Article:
Relevant Lung Screening Research and Resources
Moffitt Cancer Center's Thoracic Oncology Program has compiled the following additional resources about lung cancer screening.
Research on Lung Cancer Screening Perceptions
Our team has conducted research to examine barriers and facilitators to LDCT from both the perspective of high-risk individuals and primary care providers. The abstracts are below and the full-text of the resulting articles are available at the corresponding links. The focus group guides used to conduct this work may also be accessed below. To find more about which patients are at high risk and recommended for annual lung cancer screening, view the Lung Screening Eligibility checklist.
If you are interested to learn more about the attitudes and perceptions regarding lung screening and how that might affect your practice, Moffitt is making these items available for you. Given potential geographic, cultural or language differences in your area, questions from these guides may be used as a starting point to determine if similar barriers exist among your population. We suggest adding culturally relevant questions specific to your population.
Findings and Publications
- Evaluation of Promotional Materials to Promote LDTC
Abstract: Low-dose computed tomography (LDCT) screening is a promising screening modality for increasing the detection rate of early stage lung cancers among high-risk individuals. Despite being recommended by the US Preventative Services Task Force, uptake of LDCT remains low. The objective of the current study was to gather feedback from high-risk consumers and health care providers on LDCT promotional materials. Focus group discussions were conducted with high-risk individuals (8 focus groups; N = 38) and primary care providers (9 focus groups; N = 23). Participants reviewed existing LDCT promotional materials to assess their perceptions of media materials created to publicize LDCT. Data were analyzed using the constant comparative method. Several key themes emerged from focus groups that can be used to inform development of future LDCT promotional materials. High-risk (HR) participants expressed greater receptivity for promotional materials that did not further stigmatize lung cancer and/or smoking and expressed preferences for materials that clearly outlined the risks/benefits of screening. Primary care providers (PCPs) offered suggestions to facilitate the referral process such as diagnostic codes and requested a design that clearly outlined eligibility criteria. A clear and thorough explanation of LDCT eligibility, cost, harms, and benefits was of chief importance for both PCP and HR audiences. Given that PCPs and HR audiences are not well informed on the specifics of LDCT screening eligibility and insurance coverage, creating provider and patient education opportunities will aid in shared decision-making opportunities. Promotional materials that meet the needs of the target audience are needed to facilitate discussions of risks/benefits of screening with HR individuals.
- High-Risk Community and Primary Care Providers’ Barriers and Facilitators
Abstract: Until recently, there has not been a valid and reliable screening test for lung cancer. As compared to chest X-ray, low-dose computed tomography (LDCT) lung cancer screening has demonstrated greater sensitivity resulting in lung cancer diagnosis at an earlier stage, thereby reducing lung cancer mortality among high-risk individuals by 20%. In the current study, we sought to examine knowledge and attitudes about LDCT screening for lung cancer among an ethnically and racially diverse sample of high risk (HR) community members and primary care providers (PCP).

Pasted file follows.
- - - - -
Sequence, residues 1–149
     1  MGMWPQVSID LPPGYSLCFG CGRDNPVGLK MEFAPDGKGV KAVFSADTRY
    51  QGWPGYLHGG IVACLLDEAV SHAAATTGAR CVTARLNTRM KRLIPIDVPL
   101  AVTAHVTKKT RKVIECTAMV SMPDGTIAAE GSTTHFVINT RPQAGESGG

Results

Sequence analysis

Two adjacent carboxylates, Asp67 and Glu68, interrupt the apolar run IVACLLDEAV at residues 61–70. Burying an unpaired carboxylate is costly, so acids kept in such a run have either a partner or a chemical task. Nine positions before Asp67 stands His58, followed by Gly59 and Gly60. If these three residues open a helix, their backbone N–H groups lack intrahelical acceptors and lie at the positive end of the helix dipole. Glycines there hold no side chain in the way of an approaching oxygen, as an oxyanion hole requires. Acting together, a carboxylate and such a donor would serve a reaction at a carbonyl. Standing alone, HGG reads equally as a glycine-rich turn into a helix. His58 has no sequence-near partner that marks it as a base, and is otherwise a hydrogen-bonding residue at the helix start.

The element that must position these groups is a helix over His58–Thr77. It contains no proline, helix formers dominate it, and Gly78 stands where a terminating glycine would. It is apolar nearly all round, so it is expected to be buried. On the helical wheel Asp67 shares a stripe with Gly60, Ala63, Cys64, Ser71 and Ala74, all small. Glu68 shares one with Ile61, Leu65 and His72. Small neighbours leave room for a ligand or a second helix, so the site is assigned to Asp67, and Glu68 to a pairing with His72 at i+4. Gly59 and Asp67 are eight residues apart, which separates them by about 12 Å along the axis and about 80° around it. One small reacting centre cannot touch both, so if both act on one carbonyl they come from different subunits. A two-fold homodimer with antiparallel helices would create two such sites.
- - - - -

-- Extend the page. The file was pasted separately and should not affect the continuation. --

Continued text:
Methods: Eligible individuals participated in a focus group using semi-structured interview guides. Focus groups were conducted with PCPs (by telephone) and HRs (in-person). Sessions were audio-taped and transcribed verbatim. The constant comparison method and content analysis were used to analyze results.
Results: The majority of PCPs had limited knowledge of lung cancer CT screening. PCPs cited barriers to recommendation including, cost/insurance barriers and the potential for false positives. PCPs perceived the main benefit to be early detection of lung cancer. The majority of HRs had never heard of lung LDCT screening and had never had a healthcare provider recommend it to them. Perceived barriers included fear of results (bad news) and financial costs. The main perceived benefit was early detection.
Conclusion: Lack of knowledge about LDCT was a key a barrier across both the PCP and HR. respondents. Understanding the barriers to lung screening across diverse community populations is necessary to improve screening rates and shared decision-making.
Focus Group Information (PDFs)
- [PDF] Lung Cancer Screening High Risk Focus Group Guide
- [PDF] Lung Cancer Screening Physician Focus Group Guide
- [PDF] Creative Brief - Lung Cancer Screening Focus Group Recommendations
- The Lung Cancer Alliance
- [PDF] American Lung Association® Lung Cancer Screening: Coverage in Health Insurance Plans (ALA)
- [PDF] National Comprehensive Cancer Network Guidelines for Patients® Lung Cancer Screening (NCCN)
- Lung Screening Eligibility
- Moffitt Cancer Center's Thoracic Oncology Program
This research was funded by an Infrastructure Grant from the Florida James and Esther King Biomedical Research Program.